The Collection: Buddha Sculptures
Related Article: Mazu in Wikipedia
As one of the most widely revered folk heroines of Chinese culture, Mazu is depicted in temples throughout China’s coastal regions and celebrated as one of the bravest women in history. Her story originates from the Fujian province, and is known as the Goddess of the Sea—being worshipped especially by the coastal cultures of Southern China. Inspired by this fabled character’s influence over people’s hearts and the similarity she bares to the bodhisattva Guanyin, LIULI artist Loretta H. Yang designed this artwork to be one that represents benevolence and joy. Combining classical representation with light-bending crystal, the Mazu here sits nobly exuding kindness and compassion.
The Goddess Mazu is typically depicted in a seated position until the first standing sculpture of Mazu was discovered in 1989. Even today, the image of Mazu atop a dragon in the water is deep rooted in the peoples hearts, a symbol of protection for all.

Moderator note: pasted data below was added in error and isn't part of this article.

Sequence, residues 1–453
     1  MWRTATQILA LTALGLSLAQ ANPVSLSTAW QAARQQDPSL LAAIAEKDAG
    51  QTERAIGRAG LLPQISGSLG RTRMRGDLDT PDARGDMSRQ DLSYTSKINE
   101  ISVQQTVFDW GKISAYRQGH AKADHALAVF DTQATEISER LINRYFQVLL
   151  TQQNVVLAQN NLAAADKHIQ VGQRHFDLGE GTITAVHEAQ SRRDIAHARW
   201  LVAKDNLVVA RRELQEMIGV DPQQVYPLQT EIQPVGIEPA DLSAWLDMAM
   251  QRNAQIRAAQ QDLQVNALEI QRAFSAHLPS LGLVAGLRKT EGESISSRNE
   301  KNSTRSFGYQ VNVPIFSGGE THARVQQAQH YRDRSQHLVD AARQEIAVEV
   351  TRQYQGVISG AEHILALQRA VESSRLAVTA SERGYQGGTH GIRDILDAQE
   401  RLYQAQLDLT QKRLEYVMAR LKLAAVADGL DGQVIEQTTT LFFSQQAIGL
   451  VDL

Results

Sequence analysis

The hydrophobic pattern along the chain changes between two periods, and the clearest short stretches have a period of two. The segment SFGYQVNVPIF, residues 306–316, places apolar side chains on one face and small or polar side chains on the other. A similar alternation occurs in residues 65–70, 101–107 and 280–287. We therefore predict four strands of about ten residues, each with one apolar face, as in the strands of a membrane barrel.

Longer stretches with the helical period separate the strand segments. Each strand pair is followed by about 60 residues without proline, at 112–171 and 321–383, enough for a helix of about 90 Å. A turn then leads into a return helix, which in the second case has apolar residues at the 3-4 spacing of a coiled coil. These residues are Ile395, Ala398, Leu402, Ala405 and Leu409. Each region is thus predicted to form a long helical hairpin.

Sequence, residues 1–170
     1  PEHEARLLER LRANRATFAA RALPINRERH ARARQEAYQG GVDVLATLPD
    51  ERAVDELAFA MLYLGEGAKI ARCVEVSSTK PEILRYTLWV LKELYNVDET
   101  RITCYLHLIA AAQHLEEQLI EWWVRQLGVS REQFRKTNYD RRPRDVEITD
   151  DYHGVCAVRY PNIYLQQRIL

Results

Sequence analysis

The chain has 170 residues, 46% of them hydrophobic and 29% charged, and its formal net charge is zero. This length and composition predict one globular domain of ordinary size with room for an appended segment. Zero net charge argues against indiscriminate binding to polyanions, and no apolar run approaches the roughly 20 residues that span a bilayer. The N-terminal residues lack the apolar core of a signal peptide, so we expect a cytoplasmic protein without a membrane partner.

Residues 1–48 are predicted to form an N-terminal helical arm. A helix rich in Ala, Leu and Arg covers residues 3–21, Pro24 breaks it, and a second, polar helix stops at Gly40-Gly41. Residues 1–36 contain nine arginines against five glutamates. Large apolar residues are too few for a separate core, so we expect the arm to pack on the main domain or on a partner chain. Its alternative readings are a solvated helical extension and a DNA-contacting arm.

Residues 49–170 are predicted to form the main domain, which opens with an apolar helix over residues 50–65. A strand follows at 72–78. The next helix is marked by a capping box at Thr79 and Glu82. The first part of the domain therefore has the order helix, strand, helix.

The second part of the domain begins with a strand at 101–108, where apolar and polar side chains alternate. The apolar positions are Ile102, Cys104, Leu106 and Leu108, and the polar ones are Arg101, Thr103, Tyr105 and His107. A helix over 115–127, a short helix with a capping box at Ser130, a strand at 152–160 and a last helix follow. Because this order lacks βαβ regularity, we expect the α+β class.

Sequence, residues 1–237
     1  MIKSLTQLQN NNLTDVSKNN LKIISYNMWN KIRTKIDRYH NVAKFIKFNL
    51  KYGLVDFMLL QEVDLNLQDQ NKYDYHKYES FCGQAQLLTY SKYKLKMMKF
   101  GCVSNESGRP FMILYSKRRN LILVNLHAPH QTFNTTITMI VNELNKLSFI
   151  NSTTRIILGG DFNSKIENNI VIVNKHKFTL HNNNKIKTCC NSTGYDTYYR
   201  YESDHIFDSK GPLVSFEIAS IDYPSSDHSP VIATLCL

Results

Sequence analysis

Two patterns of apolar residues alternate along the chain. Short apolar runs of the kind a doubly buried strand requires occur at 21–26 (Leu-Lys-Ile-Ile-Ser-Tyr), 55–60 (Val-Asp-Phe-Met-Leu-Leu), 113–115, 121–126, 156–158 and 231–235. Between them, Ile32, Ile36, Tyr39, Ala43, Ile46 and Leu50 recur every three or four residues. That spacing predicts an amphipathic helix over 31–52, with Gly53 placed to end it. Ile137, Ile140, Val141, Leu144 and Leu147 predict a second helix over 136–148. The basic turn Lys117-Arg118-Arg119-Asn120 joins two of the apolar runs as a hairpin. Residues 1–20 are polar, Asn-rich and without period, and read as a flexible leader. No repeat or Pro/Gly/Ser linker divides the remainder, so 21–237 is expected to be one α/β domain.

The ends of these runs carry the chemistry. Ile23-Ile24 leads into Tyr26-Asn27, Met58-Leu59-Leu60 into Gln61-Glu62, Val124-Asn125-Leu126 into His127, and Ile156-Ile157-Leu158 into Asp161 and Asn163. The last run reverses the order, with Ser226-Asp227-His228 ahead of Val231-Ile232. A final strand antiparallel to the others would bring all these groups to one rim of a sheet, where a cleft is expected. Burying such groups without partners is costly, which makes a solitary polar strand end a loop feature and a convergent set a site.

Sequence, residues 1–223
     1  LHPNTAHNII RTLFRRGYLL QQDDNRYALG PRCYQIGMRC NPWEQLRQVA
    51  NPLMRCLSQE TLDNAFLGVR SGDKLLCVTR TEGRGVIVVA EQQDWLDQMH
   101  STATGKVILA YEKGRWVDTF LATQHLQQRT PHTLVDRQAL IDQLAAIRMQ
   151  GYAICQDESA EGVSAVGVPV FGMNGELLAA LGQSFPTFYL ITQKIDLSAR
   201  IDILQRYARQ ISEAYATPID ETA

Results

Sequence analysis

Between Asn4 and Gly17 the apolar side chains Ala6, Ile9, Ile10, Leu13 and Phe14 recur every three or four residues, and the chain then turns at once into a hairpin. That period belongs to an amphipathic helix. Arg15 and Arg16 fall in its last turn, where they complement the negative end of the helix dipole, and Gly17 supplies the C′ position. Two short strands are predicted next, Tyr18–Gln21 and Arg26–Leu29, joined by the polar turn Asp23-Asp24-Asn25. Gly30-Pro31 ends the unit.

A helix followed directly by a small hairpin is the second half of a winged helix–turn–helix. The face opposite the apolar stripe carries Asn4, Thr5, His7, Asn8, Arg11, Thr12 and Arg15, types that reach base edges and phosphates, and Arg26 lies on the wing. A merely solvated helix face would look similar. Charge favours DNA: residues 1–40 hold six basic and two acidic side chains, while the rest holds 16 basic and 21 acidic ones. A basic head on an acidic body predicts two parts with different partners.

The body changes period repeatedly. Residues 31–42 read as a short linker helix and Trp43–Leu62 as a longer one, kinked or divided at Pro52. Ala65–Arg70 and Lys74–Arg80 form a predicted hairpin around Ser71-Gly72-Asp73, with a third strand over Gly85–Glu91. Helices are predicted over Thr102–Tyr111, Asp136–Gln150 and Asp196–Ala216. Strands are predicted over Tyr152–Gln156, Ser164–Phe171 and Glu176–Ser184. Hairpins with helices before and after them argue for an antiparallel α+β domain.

Because Mazu is from the Northern Song, she wears clothes associated with those times. She rides an auspicious dragon between heaven and earth, a protector of peace and a symbol of her inclusive benevolence.
Mazu has a dignified and benevolent appearance and a refined bearing. Her dress moves with the wind, representing the tranquility of harmony.
Mazu holds a Ruyi in her hand to disseminate auspicious blessings to all.
Life of Bliss
- MAZU, Protector of Peace Across the Generations
Guardian of peace,
Securing the home and all within it.
With Goddess Mazu protecting the earth,
Is filled with the sincerest respect,
The most selfless virtue.
Righteousness for all,
Tranquility across the generations.
- [ 天上圣母, 琉璃妈祖 ]